The Lincoln Institute of Land Policy, an organization founded back in the 1940s by an industrialist enthusiastic about the ideas of Henry George, who intended that his wealth be used to promote those ideas, publishes a newsletter, the link to which arrived in my inbox last week. One of the articles was by Chip Case, recently retired from Wellesley, and half of Case-Shiller. The article is titled, "Housing, Land and the Economic Crisis" and it appears in "Land Lines."
What I take issue with is this statement:
This drove up the transaction prices, and produced the appearance of home equity against which a larger percentage of non-sellers were able to borrow. The spending -- on credit -- has led to profits for retailers and manufacturers, and most certainly for bankers (and thus to greater concentration of our wealth and income) and, as it had to, to a bust of large magnitude and widespread pain.
Have we learned, or are we going to do this again?
The article is titled, "Housing, Land and the Economic Crisis" and it appears in "Land Lines." But the word "land" appears only twice in the article:
- second paragraph: "Between 2000 and 2005, the value of residential land and buildings increased from about $14 trillion to $24 trillion. About half of this increase reflected new construction, and half was due to rising land values, primarily on the coasts (Case 2007). But in late 2006 prices began to decline, and by mid-2009 they had fallen roughly 30 percent.
- antepenultimate paragraph (I knew I'd have a use for that word someday!): "California represents about 25 percent of all the land value in the United States, and events there have major implications for the rest of the country. The good news is that for the last three months, the indexes for San Francisco, San Diego, and Los Angeles have led the nation in price appreciation. The California Association of Realtors reports substantial increases in home sales volumes except in the Central Valley.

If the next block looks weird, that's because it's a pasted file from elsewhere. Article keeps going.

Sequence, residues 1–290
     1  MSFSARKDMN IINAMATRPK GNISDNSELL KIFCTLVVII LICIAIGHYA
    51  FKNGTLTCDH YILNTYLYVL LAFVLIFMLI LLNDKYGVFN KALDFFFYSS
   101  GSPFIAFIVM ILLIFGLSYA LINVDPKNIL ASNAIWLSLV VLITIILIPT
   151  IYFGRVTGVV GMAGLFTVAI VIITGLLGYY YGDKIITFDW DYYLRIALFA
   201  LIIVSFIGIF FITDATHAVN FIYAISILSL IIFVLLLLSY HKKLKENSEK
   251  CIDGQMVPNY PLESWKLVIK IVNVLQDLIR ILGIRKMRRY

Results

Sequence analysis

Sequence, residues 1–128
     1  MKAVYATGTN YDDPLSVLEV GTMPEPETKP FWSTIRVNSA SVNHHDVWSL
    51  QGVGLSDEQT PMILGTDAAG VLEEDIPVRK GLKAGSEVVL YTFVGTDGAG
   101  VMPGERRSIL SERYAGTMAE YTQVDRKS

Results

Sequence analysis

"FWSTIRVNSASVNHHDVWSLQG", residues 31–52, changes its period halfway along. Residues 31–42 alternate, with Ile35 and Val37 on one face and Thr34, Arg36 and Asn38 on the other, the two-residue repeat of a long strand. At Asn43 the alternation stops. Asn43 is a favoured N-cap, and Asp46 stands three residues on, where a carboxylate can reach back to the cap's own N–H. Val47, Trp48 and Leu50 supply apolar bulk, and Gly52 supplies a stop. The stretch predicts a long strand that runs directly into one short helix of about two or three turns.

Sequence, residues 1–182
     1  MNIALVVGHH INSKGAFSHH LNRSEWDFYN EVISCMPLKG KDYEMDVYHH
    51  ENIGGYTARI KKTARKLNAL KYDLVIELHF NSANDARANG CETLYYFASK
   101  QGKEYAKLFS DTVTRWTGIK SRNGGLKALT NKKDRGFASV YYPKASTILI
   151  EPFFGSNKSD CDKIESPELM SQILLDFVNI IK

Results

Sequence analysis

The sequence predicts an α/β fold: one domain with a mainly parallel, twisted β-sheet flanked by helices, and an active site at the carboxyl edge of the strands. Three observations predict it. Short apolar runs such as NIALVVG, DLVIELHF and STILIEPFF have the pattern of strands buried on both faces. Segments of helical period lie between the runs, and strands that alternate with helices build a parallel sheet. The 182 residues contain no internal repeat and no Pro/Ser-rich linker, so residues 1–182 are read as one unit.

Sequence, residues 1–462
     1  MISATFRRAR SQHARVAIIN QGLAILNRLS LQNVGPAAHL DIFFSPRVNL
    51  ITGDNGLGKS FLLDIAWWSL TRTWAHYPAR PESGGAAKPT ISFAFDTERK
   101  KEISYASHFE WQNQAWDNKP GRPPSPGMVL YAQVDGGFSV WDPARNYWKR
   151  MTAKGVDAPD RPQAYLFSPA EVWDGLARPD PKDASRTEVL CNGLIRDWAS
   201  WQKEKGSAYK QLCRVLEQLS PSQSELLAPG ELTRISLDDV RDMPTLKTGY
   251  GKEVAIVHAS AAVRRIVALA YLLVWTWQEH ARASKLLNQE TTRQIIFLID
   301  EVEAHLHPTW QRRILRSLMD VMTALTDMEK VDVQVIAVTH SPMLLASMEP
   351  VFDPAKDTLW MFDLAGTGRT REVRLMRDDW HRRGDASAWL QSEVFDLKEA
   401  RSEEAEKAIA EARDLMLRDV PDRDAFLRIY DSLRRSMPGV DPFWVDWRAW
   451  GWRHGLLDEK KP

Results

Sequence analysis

I'm disappointed that neither Case nor Lincoln saw fit to connect the dots.
(And I'll note parenthetically that California and Florida's steeply rising land prices were in part due to their limitations on the property tax under Proposition 13 and "Save Our Homes" respectively. Many of California's problems would get better if they would simply fund their public spending from a tax on their land value, rather than suppressing that tax and relying on taxes on sales and wages, both of which depress any economy.)To connect the dots, I'll ask that you read Mason Gaffney: The Great Crash of 2008, at http://www.masongaffney.org/ and his new book, After the Crash: Designing a Depression-free Economy, available at http://www.schalkenbach.org/store.php?crn=78&rn=610&action=show_detail
Lenders ought not to be lending on speculative land values. Localities ought to be collecting more of the economic rent on the land within their borders, lowering the selling price of land without reducing its value in use -- and arguably increasing it! Localities and states ought to be lowering their taxes on buildings, on wages, on sales, and substitute the revenue from collecting economic rent. See also Mason Gaffney: How to Thaw Credit, Now and Forever, online at his website (above).